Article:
Thursday, December 8, 2011

More on Kennan

I heard a talk by Gaddis this afternoon about his Kennan bio (save the first ten minutes or so, which I missed). On the question of Kennan's feelings about America (raised by a commenter here on an earlier post), Gaddis (and I assume this is also what he says in the book) views Kennan's critique of American culture (i.e., materialism, consumerism, the automobile, advertising, all of which Kennan loathed) as being akin to that of a "prophet" who holds his country to "an impossibly high standard." But Kennan did not "hate America," in Gaddis's view, quite the contrary. Personally I think the question whether Kennan "hated" or "loved" America is actually not a very interesting question. His criticisms of American culture are interesting, however, and one author (not Gaddis) has suggested that Kennan would have found some of the cultural criticism of the Frankfurt School (esp. Adorno and Horkheimer) congenial, had he read it. (More on this later, perhaps.)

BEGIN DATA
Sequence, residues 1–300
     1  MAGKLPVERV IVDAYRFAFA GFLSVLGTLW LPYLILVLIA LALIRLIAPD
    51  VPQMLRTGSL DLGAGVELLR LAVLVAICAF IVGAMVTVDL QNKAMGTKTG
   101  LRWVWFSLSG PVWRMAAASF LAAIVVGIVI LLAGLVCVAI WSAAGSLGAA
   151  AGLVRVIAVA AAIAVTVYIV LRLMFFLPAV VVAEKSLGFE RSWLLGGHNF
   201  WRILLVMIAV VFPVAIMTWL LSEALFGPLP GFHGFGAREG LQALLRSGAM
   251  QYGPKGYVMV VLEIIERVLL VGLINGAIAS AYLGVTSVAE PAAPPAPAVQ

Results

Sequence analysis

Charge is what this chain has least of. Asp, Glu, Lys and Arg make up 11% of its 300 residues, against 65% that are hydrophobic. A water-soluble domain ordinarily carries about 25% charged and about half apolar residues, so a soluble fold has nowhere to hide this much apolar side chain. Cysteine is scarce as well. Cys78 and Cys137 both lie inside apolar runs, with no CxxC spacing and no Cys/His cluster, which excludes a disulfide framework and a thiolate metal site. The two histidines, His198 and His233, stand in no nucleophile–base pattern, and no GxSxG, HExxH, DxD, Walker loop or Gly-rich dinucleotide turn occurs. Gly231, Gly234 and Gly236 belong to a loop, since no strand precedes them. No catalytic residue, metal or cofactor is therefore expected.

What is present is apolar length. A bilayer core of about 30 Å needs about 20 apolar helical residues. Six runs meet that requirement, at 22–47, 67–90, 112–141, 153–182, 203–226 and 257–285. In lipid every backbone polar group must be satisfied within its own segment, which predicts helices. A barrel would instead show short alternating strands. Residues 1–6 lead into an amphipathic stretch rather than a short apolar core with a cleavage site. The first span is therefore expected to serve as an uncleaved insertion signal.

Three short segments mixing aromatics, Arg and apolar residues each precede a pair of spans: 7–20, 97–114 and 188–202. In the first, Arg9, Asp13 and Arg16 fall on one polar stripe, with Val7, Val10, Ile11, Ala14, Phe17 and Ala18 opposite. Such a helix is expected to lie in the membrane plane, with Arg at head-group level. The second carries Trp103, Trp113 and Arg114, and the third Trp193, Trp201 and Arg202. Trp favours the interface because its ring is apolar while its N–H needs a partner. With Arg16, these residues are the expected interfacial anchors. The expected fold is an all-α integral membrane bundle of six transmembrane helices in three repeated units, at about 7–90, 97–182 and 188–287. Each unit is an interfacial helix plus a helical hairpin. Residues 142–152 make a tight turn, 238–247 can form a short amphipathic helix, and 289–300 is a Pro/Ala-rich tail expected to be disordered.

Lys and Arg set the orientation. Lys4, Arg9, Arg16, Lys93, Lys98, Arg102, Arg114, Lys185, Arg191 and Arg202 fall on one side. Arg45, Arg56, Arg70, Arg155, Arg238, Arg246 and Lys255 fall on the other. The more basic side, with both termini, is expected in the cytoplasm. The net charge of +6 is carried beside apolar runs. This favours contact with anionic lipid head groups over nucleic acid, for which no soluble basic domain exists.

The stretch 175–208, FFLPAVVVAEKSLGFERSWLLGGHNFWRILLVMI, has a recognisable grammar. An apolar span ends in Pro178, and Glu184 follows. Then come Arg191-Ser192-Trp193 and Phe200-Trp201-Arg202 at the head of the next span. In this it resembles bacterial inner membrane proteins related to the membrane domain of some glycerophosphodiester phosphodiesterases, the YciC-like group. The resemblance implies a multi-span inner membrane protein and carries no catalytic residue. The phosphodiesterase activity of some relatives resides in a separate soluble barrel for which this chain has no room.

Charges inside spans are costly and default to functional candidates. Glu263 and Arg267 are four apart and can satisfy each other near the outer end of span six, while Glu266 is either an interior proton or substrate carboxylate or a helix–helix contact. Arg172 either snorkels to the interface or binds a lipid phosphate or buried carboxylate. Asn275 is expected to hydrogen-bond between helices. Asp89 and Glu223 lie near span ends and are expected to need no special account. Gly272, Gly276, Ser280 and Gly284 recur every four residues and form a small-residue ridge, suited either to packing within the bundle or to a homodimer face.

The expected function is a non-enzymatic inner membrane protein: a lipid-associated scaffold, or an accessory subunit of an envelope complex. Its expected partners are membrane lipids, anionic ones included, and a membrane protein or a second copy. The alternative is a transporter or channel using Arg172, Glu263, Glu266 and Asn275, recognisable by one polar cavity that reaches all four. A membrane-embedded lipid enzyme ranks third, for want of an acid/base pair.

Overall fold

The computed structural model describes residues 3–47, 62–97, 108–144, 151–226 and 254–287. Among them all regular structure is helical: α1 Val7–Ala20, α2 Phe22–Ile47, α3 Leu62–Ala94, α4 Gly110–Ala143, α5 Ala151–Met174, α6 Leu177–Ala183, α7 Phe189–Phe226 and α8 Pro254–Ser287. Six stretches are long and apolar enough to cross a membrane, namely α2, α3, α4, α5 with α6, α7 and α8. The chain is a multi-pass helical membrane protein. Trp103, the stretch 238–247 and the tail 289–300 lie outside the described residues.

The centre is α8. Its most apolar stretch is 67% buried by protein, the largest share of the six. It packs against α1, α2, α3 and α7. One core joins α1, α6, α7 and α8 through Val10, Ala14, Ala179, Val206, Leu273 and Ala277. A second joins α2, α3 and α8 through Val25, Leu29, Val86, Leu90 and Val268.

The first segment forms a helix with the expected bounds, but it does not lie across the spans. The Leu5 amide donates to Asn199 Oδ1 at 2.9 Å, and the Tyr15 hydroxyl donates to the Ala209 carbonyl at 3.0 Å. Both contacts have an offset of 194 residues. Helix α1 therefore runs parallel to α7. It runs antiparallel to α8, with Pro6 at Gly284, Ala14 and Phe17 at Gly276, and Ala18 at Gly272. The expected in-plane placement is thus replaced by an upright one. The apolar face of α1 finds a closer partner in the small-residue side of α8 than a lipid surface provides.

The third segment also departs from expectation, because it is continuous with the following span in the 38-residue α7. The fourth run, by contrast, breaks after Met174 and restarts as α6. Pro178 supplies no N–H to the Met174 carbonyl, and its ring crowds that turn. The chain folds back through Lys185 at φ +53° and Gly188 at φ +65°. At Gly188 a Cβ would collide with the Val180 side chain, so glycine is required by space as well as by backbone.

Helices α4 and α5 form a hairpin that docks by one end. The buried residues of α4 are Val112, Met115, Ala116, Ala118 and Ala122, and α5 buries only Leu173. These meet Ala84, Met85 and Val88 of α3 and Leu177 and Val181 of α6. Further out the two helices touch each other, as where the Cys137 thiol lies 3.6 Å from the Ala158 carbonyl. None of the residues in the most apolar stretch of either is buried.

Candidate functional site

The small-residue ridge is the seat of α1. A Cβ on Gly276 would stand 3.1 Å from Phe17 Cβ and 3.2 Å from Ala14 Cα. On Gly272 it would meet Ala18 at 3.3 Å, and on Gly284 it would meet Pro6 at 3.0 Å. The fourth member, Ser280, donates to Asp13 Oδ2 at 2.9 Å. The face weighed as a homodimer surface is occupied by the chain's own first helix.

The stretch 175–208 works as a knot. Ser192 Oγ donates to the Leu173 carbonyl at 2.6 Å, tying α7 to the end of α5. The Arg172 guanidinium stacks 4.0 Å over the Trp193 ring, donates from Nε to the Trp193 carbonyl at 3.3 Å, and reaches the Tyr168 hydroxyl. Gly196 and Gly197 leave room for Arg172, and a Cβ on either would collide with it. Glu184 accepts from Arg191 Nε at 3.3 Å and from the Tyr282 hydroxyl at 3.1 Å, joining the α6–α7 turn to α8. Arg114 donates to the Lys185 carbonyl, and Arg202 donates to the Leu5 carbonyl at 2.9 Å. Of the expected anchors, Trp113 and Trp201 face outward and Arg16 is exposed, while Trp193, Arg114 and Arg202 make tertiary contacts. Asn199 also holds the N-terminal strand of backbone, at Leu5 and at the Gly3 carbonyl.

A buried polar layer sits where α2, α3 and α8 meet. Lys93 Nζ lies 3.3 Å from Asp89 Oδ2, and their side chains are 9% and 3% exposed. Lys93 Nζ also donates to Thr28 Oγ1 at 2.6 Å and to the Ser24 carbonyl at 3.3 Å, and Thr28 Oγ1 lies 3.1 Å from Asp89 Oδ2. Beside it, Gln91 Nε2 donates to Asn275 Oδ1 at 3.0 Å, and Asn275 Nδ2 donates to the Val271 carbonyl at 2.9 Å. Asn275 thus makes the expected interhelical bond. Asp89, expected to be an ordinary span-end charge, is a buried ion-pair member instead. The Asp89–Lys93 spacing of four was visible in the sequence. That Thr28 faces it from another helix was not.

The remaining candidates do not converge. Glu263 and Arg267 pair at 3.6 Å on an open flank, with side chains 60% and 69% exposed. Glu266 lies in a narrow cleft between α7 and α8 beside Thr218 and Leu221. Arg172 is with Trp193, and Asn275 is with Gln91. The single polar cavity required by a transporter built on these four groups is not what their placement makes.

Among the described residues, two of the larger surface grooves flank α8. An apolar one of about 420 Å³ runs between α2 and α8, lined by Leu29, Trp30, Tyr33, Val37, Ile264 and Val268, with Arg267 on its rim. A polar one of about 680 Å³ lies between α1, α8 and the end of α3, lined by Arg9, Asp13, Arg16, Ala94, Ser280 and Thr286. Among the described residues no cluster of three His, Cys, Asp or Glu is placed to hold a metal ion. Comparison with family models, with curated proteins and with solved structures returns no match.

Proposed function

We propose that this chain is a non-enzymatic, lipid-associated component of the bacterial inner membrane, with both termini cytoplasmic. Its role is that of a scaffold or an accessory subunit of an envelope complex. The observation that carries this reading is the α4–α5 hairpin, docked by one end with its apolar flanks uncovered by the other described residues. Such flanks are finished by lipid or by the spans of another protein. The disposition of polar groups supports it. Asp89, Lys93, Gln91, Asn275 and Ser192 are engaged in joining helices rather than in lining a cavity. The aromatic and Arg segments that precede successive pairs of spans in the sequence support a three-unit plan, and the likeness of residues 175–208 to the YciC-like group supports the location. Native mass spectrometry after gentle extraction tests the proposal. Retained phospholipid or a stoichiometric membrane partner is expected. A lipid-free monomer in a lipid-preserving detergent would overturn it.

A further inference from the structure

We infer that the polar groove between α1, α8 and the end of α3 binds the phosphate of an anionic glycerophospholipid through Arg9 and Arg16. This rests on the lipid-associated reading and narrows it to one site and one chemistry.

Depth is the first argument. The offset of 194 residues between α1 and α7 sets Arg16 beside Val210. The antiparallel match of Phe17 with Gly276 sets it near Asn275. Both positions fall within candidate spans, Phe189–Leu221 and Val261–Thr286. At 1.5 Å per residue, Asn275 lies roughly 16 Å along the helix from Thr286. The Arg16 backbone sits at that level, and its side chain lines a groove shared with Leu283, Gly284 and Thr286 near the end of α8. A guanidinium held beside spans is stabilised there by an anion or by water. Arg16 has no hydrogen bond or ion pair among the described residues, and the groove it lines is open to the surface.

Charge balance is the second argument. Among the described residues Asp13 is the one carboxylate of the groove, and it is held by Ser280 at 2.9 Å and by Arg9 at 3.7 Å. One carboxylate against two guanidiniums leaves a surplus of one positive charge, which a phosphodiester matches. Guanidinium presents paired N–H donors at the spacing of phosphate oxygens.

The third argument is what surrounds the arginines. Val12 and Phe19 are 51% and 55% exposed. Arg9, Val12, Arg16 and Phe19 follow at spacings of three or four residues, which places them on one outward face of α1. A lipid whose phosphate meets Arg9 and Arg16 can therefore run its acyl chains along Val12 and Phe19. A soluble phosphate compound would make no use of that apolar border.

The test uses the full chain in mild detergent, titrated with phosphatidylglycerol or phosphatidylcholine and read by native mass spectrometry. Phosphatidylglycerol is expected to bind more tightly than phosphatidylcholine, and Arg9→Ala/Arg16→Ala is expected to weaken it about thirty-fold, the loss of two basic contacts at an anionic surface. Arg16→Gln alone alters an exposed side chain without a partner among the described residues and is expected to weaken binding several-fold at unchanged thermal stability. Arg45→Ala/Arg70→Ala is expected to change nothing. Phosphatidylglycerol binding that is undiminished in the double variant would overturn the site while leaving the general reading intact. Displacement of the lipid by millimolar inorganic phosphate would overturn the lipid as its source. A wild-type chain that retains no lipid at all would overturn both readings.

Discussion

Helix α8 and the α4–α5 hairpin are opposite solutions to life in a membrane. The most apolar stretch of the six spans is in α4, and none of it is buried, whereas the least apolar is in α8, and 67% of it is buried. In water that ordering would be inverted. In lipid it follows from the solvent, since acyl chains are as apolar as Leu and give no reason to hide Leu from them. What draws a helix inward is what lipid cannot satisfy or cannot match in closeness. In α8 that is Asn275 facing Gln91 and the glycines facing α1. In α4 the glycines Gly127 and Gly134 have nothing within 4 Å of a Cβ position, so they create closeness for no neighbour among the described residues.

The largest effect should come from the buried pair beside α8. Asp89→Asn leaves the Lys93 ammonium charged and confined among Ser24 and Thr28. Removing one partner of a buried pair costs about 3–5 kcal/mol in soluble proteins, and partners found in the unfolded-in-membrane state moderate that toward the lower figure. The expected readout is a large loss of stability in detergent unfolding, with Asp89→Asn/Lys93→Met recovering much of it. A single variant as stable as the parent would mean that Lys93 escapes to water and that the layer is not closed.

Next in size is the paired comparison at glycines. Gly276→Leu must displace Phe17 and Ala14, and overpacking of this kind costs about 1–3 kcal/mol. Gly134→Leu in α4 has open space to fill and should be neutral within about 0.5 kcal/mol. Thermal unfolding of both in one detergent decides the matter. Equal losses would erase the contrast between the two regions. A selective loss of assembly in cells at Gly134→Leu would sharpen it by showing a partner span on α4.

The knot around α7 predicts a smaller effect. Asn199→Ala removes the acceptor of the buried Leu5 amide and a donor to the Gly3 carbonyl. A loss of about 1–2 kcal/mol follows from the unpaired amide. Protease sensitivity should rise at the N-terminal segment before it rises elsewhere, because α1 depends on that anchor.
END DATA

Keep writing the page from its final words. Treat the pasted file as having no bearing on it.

A couple of other points that struck me as noteworthy from the talk: Gaddis emphasized how deeply Kennan was influenced by Russian literature, above all Chekhov, in the way he formulated his thoughts about the future evolution of the USSR, e.g. in the X article. (Don't have time to go into the details now.) The other thing that struck me was Gaddis's statement that although Kennan despised Ronald Reagan, the latter was actually the president who came closest to implementing Kennan's strategic vision. This I found, to put it mildly, less than persuasive (or at least very debatable), and I was tempted to ask Gaddis a question about it, but I didn't. (Which was probably just as well.)

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